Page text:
- RFP Year2014
- Awarded Amount$999,999
- Development StagePhase1 Clinical Development
- Collaboration PartnersResearch Institute for Microbial Diseases (RIMD), Osaka University, Centre National de Recherche et de Formation sur le Paludisme (CNRFP), European Vaccine Initiative (EVI)
Introduction and Background of the Project
The principal objective of this project is to advance the clinical development of the BK-SE36 vaccine candidate with the ultimate long-term goal to develop an effective prevention tool for clinical malaria. Malaria is caused by the Plasmodium parasite, the most deadly species being caused by Plasmodium falciparum. Despite a reduction in the overall malaria mortality over the last decade or so, on global level malaria remains the most important parasitic disease with substantial morbidity and mortality.
The Plasmodium parasite has a complex life cycle, different stages of the parasite can be found in different hosts (mosquitoes and man) and in different organs of the human body during infection. BK-SE36 is a so-called blood stage malaria vaccine candidate that is primarily intended for young children in endemic areas to control levels of the malaria parasite, resulting in reduction of morbidity and mortality caused by the disease. In this project, a phase Ib clinical trial with the BK-SE36 vaccine candidate will be conducted in Burkina Faso with the aim to (i) compare the clinical trial results from Burkina Faso with those from a previous clinical trial conducted in Uganda which has slightly different malaria disease characteristics, (ii) test the vaccine candidate in a younger age group (0-5 years old) that has not been included so far in any of the other clinical trial testing of BK-SE36, and (iii) generate additional information on safety, immunogenicity and possible efficacy. In addition, the project aims to conduct a follow-up study of Japanese volunteers that participated in a first-in-man trial of BK-SE36 with a different adjuvant, a substance that enhances a persons’ response to the vaccine. The follow-up study would allow long term evaluation of the safety and immunogenicity of BK-SE36/CpG.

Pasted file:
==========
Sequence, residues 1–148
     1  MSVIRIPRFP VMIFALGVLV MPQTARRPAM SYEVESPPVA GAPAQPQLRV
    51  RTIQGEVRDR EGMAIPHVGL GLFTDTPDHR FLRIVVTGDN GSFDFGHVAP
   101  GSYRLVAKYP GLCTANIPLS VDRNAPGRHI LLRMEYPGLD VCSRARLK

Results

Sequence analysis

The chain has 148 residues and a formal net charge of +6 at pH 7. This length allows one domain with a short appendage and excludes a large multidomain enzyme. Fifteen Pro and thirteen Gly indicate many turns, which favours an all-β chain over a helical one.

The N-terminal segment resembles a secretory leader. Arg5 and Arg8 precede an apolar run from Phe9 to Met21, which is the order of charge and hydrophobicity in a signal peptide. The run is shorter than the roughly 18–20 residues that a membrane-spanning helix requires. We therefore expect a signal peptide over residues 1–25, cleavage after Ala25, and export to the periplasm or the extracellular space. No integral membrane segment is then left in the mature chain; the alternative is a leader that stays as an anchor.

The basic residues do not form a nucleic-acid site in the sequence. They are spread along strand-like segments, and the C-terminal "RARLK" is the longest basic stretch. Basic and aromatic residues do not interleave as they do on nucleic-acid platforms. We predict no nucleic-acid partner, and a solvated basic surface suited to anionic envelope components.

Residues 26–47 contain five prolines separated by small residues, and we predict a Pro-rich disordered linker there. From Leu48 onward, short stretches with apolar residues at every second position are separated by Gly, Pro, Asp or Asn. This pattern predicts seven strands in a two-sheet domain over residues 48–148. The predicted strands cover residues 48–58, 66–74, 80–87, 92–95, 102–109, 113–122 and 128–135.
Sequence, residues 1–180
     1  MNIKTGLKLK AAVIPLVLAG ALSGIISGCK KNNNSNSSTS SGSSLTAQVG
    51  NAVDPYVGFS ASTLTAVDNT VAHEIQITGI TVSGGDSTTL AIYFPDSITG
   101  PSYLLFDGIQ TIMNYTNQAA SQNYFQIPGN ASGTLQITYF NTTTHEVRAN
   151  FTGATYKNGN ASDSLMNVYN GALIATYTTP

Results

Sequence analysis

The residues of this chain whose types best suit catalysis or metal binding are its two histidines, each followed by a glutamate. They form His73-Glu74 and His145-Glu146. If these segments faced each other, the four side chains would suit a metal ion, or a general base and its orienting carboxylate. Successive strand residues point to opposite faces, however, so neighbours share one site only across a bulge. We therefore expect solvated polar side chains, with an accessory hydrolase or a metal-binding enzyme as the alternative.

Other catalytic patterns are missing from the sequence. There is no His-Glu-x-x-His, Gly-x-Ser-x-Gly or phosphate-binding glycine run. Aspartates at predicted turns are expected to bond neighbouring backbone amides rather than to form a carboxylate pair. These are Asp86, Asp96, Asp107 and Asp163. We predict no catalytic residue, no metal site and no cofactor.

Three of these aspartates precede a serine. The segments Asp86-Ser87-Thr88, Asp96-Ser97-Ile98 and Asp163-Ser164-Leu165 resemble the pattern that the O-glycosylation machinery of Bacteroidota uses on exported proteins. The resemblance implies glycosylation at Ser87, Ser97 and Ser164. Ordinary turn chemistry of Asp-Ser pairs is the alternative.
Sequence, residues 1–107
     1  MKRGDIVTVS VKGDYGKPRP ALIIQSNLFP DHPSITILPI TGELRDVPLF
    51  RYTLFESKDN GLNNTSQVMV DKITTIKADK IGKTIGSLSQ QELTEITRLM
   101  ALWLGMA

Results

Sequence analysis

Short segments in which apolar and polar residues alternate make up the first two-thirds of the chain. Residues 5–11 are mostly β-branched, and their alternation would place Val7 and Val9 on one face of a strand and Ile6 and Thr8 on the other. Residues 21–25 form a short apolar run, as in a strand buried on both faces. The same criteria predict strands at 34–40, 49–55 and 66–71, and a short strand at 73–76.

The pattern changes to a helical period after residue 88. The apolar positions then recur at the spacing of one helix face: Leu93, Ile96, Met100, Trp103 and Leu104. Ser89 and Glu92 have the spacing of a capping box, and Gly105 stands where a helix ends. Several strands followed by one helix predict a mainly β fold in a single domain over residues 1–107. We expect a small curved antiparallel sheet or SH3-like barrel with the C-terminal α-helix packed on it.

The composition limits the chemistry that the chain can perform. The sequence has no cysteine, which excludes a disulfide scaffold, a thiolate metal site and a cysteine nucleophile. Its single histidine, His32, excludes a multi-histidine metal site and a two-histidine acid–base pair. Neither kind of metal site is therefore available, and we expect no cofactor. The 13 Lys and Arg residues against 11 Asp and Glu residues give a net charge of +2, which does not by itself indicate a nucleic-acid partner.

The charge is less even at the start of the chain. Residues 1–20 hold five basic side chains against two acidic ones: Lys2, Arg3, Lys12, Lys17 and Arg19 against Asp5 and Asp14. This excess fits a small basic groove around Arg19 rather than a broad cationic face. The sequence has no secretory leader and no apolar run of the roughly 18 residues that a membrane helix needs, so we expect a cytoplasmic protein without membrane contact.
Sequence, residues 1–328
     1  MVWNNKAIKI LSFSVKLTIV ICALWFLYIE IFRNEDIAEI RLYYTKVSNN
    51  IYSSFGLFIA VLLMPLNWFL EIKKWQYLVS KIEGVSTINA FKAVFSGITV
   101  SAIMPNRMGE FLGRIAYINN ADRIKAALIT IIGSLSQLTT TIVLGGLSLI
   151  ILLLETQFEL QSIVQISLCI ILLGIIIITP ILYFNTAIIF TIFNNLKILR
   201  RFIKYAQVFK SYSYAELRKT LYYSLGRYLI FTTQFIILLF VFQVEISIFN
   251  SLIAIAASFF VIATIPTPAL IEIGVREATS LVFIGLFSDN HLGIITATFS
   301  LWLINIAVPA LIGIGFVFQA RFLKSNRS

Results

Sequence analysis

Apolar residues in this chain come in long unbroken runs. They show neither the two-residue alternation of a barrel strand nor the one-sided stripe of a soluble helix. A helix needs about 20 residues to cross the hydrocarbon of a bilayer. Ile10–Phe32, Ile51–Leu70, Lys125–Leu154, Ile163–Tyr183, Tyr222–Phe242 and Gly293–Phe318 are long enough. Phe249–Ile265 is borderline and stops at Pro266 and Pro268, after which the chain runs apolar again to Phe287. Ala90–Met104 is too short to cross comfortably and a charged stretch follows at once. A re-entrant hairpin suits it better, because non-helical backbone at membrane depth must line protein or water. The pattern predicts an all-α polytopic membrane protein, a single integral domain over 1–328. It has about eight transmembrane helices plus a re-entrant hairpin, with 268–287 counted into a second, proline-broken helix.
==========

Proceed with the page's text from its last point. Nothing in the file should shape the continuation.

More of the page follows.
How can your partnership (project) address global health challenges?
The partnership brings together leading institutions from Japan, Burkina Faso and Germany -RIMD, CNRFP and EVI, respectively. All have long-standing experience in the development of malaria vaccines and which have joined their complementary expertise with the objective to accelerate the development of the BK-SE36 vaccine candidate.
All three partners -two public research organisations and one Product Development Partnership (PDP)- are non-profit organisations which have come together in this proposal thanks to their shared interest and their strong commitment to develop technologies for the control and eradication of malaria, the parasitic disease with the highest disease burden on a global level.
What sort of innovation are you bringing in your project?
So far no vaccine has been licensed against malaria. It is expected that in the future a highly effective malaria vaccine will need to combine several antigens from different stages of the malaria parasite´s life cycle. So-called blood stage antigens, coming from the stage where the malaria parasite is in the human blood and the stage responsible for the symptoms which we know as malaria, will be one of the components that will be included in such multi-stage malaria vaccines. BK-SE36 in particular was demonstrated by RIMD in previous clinical trials to be a promising malaria blood stage vaccine candidate and the further characterization of this vaccine candidate in this project will be the next step in the potential incorporation of BK-SE36 in a combination malaria vaccine.